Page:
Typescript has union types. For example:

  type StringOrNumber = string | number

Here the StringOrNumber type can be either string or number as expected. The member types do not have to be primitive types and they can be custom types as well.

When dealing with union types, before we can apply operations or functions that are specific to one member type, we would need to figure out which member type we have and that’s called type narrowing.

There are many ways to narrow the type, but in this post I specifically want to cover the syntax for creating a custom function to do type narrowing. I found myself referring back to the “Using type predicates” section on the Narrowing page in Typescript documentation, so I figure it might be a good idea to make it slightly easier to find and potentially easier to remember by writing a post about it.

Let’s say we want to create a type narrowing function for the StringOrNumber type above, it would look like this:

function isString(input: StringOrNumber): input is string {
  return typeof input === 'string'

Here, input is string is called a type predicate and it is the return type of the isString function. In the function body, it needs to return a boolean value: true means input is the expected type and false means it is not. The function’s logic can be as complex as it needs to be. As long as it returns a boolean value in the end, it’ll work fine as a type narrowing function or say a type guard.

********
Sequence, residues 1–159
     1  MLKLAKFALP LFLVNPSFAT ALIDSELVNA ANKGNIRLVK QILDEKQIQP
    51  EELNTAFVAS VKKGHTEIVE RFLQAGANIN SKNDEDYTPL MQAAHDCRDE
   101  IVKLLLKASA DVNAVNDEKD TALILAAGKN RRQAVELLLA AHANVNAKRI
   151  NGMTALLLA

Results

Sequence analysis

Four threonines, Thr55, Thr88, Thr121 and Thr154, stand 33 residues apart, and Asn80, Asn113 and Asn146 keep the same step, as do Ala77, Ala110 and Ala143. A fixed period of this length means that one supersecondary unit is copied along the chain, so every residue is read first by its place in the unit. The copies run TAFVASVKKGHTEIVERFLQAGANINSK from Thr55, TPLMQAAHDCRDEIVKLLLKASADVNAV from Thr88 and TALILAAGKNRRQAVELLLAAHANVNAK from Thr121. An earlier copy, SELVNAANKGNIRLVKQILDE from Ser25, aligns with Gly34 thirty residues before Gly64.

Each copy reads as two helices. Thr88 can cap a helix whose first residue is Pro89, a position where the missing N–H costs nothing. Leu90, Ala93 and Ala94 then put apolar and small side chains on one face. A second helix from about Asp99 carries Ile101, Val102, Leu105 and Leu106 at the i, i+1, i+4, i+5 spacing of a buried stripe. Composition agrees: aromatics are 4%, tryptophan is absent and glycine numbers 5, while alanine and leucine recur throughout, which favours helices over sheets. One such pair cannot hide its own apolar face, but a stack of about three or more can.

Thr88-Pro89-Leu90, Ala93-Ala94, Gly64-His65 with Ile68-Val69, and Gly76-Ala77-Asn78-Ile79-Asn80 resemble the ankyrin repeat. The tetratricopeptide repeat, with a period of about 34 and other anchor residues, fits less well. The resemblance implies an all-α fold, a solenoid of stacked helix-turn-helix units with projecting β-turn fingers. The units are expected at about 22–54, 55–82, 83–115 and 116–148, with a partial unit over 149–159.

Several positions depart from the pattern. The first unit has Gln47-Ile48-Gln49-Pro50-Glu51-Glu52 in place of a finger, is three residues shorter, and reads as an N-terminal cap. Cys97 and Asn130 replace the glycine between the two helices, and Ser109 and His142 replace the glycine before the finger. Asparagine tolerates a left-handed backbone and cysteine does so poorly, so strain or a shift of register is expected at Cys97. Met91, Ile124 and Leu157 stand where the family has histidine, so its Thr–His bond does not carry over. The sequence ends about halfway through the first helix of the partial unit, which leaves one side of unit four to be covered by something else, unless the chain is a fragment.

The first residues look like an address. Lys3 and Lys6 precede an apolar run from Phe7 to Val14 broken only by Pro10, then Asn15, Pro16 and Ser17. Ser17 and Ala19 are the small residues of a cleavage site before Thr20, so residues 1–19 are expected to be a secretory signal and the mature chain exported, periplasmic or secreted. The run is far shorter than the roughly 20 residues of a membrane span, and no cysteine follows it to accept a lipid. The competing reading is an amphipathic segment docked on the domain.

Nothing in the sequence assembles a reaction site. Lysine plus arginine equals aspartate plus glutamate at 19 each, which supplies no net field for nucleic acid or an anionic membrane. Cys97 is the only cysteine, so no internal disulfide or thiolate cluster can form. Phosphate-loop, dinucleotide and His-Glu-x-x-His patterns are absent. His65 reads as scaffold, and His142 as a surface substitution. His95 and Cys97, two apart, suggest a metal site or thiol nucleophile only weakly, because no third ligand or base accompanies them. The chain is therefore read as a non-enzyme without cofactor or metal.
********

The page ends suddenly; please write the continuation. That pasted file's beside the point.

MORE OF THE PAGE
In this example, returning true means input is a string, otherwise it’s a number, considering it can only be either a string or a number.

We can use it like the following:

// assuming we have a function that returns a string or a number
let a: StringOrNumber = getStringOrNumber()

if (isString(a)) {
} else {
  a + 3

Of course, this is just a contrived example to demonstrate the correct syntax. In a real world application, we would most likely just do typeof input === 'string' instead of creating a function to do it.

One more thing worth noting is that when we create a custom type guard, Typescript would treat us as adults and completely trust that it will do the right thing. For example, we can define a nonsensical type guard like this:

function isString(input: StringOrNumber): input is string {
  return typeof input === 'number'

And Typescript would happily accept it and gives no compiler error or warning, but since it’s narrowing the type incorrectly, some runtime errors should be expected after using this type guard.

In this post, I briefly talked about what type narrowing is and then looked into how to define our own type guard. As usual, the hope is to help my future self and potentially be of service to other people who are starting their Typescript journey as well.

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